France's wartime past took centre stage in the presidential race on Friday, with far-right hopeful Marine Le Pen's party scrambling to stamp out a controversy over Holocaust remarks while centrist Emmanuel Macron visited the site of a Nazi massacre.
Nine days before the second round of the keenly-watched election, Le Pen's anti-immigration National Front (FN) was again fighting a furore over a senior official's reported remarks about the Nazi gas chambers.
On Monday, Le Pen announced she was stepping aside as FN leader while campaigning for the runoff in order to remain "above partisan considerations".
Four days later, her stand-in Jean-Francois Jalkh was summarily replaced by Steeve Briois, a popular FN mayor from northern France, after Jalkh was accused of praising the work of a convicted Holocaust denier.
"Mr Briois will take over the interim leadership and there'll be no more talk about it," FN vice president Louis Aliot told BFMTV news channel.
- Bruising campaign -
The FN shake-up comes in the midst of a bruising campaign in which Le Pen has attempted to wear down lingering resistance to her party's tainted brand by portraying Macron as an elitist money man.
Polls give him a commanding lead of up to 20 points over Le Pen in the May 7 runoff but show the gap narrowing slightly after Macron's sluggish start to his second-round campaigning.
German Chancellor Angela Merkel and French football legend Zinedine Zidane on Friday joined a long list of politicians, intellectuals and celebrities urging voters to reject the anti-immigration candidate.
"I have absolutely no doubt that Emmanuel Macron will be a strong president if he is elected, as I hope he will be," Merkel told Germany's RND newspaper group.
Le Pen, 48, has attempted to woo new voters on either side of the political divide, telling leftists their real enemy is a pro-EU, free-marketeer ex-banker, and conservatives that Macron would continue the policies of the outgoing Socialists and be soft on terrorism.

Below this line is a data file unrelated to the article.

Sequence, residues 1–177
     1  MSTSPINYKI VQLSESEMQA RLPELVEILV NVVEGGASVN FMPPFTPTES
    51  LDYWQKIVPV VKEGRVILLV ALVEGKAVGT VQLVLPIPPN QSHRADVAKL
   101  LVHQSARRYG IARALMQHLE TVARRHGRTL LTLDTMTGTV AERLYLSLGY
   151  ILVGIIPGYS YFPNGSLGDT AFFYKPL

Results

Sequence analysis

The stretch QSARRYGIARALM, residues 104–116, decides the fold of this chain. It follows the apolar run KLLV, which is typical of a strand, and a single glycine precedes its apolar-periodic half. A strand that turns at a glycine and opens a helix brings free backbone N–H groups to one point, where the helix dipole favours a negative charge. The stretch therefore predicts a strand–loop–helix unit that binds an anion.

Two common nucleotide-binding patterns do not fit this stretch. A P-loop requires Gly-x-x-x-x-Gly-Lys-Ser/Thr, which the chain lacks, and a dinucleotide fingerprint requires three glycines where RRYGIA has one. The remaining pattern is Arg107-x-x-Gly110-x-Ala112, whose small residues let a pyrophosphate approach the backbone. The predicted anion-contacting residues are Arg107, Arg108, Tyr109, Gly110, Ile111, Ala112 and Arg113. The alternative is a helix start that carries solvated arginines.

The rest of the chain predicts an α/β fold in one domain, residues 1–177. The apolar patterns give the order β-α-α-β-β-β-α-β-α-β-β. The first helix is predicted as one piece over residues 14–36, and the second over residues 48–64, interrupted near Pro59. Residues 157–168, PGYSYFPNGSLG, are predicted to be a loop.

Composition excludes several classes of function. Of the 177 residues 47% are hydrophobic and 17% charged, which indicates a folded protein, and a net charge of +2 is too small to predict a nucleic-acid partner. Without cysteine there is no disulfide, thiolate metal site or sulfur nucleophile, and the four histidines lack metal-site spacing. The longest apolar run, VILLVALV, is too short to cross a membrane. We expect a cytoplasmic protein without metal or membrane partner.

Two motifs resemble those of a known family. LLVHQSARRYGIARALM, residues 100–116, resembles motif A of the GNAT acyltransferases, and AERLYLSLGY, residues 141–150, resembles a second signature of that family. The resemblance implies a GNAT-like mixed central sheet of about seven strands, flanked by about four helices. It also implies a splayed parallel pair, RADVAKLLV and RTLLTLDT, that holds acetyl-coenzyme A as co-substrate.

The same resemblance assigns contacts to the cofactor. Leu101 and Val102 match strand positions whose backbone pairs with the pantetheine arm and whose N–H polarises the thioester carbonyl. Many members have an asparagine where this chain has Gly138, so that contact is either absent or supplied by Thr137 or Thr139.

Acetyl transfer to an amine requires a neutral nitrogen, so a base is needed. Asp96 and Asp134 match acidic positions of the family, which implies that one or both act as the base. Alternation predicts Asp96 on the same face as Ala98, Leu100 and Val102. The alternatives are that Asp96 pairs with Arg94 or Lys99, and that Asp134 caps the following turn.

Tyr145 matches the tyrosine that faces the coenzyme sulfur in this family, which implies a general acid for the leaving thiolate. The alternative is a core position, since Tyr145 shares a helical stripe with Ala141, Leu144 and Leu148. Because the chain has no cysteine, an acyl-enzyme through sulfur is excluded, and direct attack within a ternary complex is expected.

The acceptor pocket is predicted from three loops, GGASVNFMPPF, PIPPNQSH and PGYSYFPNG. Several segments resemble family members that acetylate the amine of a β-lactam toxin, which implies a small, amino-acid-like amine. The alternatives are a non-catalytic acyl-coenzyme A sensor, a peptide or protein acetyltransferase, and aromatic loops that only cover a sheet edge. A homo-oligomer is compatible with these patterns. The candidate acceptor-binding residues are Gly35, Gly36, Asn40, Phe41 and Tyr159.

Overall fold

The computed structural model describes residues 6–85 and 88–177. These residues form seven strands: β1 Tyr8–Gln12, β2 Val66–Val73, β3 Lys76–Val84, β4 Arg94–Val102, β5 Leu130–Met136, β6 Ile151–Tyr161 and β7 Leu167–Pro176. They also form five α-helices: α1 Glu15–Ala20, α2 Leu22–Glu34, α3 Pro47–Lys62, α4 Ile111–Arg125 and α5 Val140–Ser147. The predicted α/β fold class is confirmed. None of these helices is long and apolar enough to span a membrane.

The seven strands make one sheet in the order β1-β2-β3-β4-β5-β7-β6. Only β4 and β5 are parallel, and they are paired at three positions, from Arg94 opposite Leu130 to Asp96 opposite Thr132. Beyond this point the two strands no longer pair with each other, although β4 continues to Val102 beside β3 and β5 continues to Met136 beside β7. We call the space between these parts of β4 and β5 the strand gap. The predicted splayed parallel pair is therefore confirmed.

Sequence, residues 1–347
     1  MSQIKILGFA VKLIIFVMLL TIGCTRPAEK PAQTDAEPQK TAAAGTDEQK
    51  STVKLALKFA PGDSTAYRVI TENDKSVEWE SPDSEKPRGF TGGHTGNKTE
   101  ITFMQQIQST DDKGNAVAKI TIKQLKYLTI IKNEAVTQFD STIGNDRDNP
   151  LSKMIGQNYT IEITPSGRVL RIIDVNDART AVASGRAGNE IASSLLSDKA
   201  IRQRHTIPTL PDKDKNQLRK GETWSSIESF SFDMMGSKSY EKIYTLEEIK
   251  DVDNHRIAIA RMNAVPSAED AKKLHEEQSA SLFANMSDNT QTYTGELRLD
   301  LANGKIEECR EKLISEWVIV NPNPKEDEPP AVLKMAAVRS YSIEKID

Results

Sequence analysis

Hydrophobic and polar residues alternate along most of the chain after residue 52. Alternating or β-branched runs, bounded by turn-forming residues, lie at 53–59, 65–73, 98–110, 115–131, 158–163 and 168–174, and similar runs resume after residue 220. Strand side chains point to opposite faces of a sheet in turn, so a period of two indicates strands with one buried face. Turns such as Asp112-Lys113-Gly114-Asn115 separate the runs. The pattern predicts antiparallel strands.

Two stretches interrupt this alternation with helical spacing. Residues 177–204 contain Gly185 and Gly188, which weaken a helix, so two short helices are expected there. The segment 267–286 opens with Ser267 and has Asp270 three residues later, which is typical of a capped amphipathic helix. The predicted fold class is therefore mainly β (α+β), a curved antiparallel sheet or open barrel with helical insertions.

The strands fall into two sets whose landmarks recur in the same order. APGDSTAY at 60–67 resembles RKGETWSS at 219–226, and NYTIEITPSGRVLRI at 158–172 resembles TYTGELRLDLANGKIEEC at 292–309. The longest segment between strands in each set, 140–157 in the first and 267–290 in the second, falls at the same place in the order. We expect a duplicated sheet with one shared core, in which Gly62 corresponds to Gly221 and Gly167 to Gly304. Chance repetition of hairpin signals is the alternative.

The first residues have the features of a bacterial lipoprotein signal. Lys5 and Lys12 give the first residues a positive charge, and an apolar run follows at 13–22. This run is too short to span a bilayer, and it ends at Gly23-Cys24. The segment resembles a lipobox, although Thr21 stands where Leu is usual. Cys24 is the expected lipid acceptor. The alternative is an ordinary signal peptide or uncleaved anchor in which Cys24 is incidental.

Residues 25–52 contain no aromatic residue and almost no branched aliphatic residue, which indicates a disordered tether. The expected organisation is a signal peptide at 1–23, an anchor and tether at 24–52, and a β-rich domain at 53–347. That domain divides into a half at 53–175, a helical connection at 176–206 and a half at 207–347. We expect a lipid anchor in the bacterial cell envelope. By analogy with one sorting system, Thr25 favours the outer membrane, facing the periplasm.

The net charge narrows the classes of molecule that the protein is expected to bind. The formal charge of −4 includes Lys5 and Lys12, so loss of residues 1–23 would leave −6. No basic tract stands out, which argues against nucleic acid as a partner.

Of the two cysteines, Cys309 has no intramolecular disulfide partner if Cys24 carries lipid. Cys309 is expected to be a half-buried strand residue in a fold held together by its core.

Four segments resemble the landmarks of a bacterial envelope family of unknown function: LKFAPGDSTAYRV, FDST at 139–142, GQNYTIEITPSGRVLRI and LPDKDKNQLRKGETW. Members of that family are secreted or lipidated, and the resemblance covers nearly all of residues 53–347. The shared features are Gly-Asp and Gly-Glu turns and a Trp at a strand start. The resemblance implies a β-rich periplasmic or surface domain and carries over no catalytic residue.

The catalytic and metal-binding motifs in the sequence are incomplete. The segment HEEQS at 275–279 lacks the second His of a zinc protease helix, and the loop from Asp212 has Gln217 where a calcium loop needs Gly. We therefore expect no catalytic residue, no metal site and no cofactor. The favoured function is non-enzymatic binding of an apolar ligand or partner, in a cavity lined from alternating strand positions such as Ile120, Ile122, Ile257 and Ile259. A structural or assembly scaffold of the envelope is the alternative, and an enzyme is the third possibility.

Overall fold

- 'Put quarrels to one side' -
In a video message Friday she appealed to the near 20 percent of voters who backed eurosceptic leftist Jean-Luc Melenchon in the first round to "block" Macron, saying his pro-business programme was "diametrically opposed" to leftist ideals.
"Let's put our quarrels and divergences to one side," she said in the message, calling Macron the choice of the "oligarchy".
Melenchon has refused to explicitly endorse the liberal Macron, breaking with France's "republican front" tradition of the big parties coming together to bar the FN at the gates of power.
An Odoxa poll Friday showed 40 percent of Melenchon's supporters would back Macron, 41 percent would abstain and 19 percent would vote for Le Pen.
Melenchon's spokesman Alexis Corbiere rebuffed Le Pen's advances, telling supporters: "Not one vote should go to the National Front."
Le Pen has presented the battle as a "David versus Goliath" contest between "patriots and globalists".
But as Macron visited a village where Nazi troops massacred 642 people during World War II, Le Pen's team attempted to shrug off the latest in a long line of controversies over remarks by party officials about the Holocaust.
Jalkh is accused of praising the work of convicted Holocaust denier Robert Faurisson in an interview for a 2005 article in a French academic journal.
"What I'm saying, and what really surprised me, in the work of a genuine negationist or revisionist... is the well-worked, rigorous nature of the argument put forward," Jalkh, 59, was quoted in the article as saying.
"We condemn this type of remark and he denies (making) them," the FN's Aliot said.
- 'Must not forget' -
Le Pen has sought to purge the FN of the anti-Semitism that was its trademark under her father, FN co-founder Jean-Marie Le Pen.
In 2015 she booted him out of the party for repeatedly calling the Holocaust a "detail" of history but this month was herself criticised for saying France bore no responsibility for the roundup and deportation of French Jews during the war.
Macron has warned that a vote for Le Pen -- who wants to build up France's borders, take France out of the eurozone, and hold a referendum on France's EU membership -- could lead to conflict.
"To not remember is to repeat the mistakes of history," he said during a visit to the village of Oradour-sur-Glane, the site of the worst Nazi atrocity in France.
Macron and Le Pen, both of whom campaigned as political outsiders, swept aside the candidates of the mainstream left and right in the April 23 first round.
Le Pen followed in the footsteps of her father who also made it through to the presidential runoff in 2002.
His qualification triggered an outcry, with voters rallying en masse behind his opponent, conservative Jacques Chirac in the runoff.